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First Draft Of 2021-22 House, Senate Education Plans Shows $500M Gap

Florida House and Senate education leaders are about $500 million apart on their proposed budgets for K-12 schools. But underneath that topline figure are scores of policy differences that will need to be resolved as the budget process continues. Both chambers have released the first drafts of what will eventually become the state’s spending plan for the next fiscal year.

The House wants $22.6 billion dollars for public schools while the Senate wants to spend $500 million less. An estimated 88,000 kids did not show up for the current school year, but districts have been working hard to locate them. About half have been found. Senate Education Appropriations Chairman Doug Broxson says lawmakers have a plan in case more return in the upcoming school year.

“We know the enrollment was down some 88,000 [students]. That’s been reduced to 48,000. So what we’ve done in essence is, put that in the back of the bill in case those 48,000 show up in the Fall," he explained during a presentation of the spending plan.

The Senate is setting aside $350 million in case those students arrive. The House is setting aside $334 million. Still, lawmakers are adjusting numbers downward to account for the loss of the students. Representative Randy Fine, that chamber’s Education budget chair, describes the process a return to normal after lawmakers, last year, elected to fully fund schools at pre-pandemic levels.

“So, we’re reverting to the model of funding for actual attendance, not phantom attendance. So the budget assumes a 48,263 student decline," said Fine.

The legislature’s budget plans for education are increases over current funding levels but fall short of what Gov. Ron DeSantis has requested. DeSantis wants nearly $23 billion for K-12 funding, and an increase in the per-student funding level to a little over $8,000 . The House wants to spend about $,7850 per student while the Senate comes in at $7,786.

Both chambers are following through on DeSantis’ effort to raise starting salaries of teachers. And, Republican Sen. Travis Hutson wants to make clear that lawmakers are not cutting Bright Futures scholarships:

“I just want to get it on the record…because now is the time to have the budget conversation about Bright Futures. How many cuts do we make to the dollar amount in Bright Futures?" Travis asked Broxson.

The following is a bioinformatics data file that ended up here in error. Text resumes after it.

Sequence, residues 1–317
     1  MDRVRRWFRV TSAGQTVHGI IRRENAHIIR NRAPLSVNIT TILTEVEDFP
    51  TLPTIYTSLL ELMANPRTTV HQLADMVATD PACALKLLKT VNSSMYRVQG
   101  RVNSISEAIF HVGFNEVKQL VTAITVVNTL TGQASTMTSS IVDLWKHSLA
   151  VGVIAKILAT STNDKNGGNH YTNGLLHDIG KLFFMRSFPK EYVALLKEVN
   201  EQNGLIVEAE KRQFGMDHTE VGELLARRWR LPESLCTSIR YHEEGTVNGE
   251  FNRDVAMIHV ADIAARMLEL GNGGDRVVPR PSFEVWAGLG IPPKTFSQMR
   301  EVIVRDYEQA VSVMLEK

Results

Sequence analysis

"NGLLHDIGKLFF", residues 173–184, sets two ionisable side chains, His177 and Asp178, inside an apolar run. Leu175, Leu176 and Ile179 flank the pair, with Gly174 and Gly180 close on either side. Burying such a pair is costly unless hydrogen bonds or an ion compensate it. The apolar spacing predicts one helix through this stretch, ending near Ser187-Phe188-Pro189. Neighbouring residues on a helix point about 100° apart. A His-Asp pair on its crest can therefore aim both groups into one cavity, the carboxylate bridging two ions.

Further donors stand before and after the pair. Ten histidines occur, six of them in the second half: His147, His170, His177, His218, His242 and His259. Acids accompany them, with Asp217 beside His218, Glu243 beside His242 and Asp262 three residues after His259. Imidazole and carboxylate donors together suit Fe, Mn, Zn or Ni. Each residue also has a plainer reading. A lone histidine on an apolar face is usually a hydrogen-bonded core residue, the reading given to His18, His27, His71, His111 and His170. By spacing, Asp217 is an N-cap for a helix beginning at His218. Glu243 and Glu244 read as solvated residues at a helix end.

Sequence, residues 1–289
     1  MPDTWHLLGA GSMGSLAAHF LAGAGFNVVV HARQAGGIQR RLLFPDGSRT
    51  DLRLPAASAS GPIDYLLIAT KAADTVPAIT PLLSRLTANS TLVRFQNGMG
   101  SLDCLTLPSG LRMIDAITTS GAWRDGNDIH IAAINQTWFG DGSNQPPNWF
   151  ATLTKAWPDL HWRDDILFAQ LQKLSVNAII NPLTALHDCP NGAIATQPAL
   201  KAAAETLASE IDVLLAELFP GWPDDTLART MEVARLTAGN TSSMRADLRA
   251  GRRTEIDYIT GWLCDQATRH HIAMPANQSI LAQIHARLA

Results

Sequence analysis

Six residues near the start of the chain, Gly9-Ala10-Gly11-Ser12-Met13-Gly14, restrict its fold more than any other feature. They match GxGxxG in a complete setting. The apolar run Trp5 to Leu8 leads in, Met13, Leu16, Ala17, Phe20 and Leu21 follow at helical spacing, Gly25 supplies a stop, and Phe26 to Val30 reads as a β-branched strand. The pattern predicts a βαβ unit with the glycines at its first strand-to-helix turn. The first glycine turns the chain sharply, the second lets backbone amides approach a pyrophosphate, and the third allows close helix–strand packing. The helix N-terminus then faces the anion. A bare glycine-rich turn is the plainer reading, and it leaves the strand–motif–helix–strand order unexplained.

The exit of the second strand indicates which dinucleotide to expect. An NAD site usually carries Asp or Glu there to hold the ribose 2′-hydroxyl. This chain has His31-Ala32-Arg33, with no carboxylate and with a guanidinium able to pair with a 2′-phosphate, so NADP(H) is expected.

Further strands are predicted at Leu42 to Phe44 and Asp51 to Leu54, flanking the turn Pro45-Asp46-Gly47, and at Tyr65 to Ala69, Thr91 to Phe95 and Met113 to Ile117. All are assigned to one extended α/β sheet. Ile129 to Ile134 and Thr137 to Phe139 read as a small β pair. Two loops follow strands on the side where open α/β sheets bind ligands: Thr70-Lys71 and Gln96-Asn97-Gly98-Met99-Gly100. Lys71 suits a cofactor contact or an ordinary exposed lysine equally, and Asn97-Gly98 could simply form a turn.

"Zero," Broxson replied.

That’s a response to a proposal in the legislature making changes to the program. It’s riled parents, educators and students. Over in the Senate, lawmakers are backing an effort by Democratic Senator Randolph Bracy to provide scholarships to up to 50 descendants of the Ocoee election day massacre of 1920 and current residents of Ocoee. The chamber is pitching $305,000.

“Last year was the 100th year anniversary of this tragic massacre, and it has been a stain on our state, but we’re taking steps to repair that. It means a lot to me," Bracy said.

Another break point—how to spend billions in federal stimulus money. Both chambers are relying on districts to use those federal dollars to offset cuts. Fine notes even more money is on the way, Though he is not pleased about it.

“Like all federal funds that come through the state, they will pass through the legislature and we will appropriate them. So there’s another, ridiculous amount of money coming from the federal government borrowed from the same people—our children—they allege to want to help.”

Now that the drafts are out—they will start moving through the appropriations process. The House and Senate will have to agree on a final spending plan to send to Gov. Ron DeSantis, who has the ability to sign, veto or selectively strike out anything he doesn’t agree with.

Copyright 2021 WFSU. To see more, visit .

Lynn Hatter is a Florida A&M University graduate with a bachelor’s degree in journalism. Lynn has served as reporter/producer for WFSU since 2007 with education and health care issues as her key coverage areas. She is an award-winning member of the Capital Press Corps and has participated in the NPR Kaiser Health News Reporting Partnership and NPR Education Initiative. When she’s not working, Lynn spends her time watching sci-fi and action movies, writing her own books, going on long walks through the woods, traveling and exploring antique stores. Follow Lynn Hatter on Twitter: @HatterLynn.
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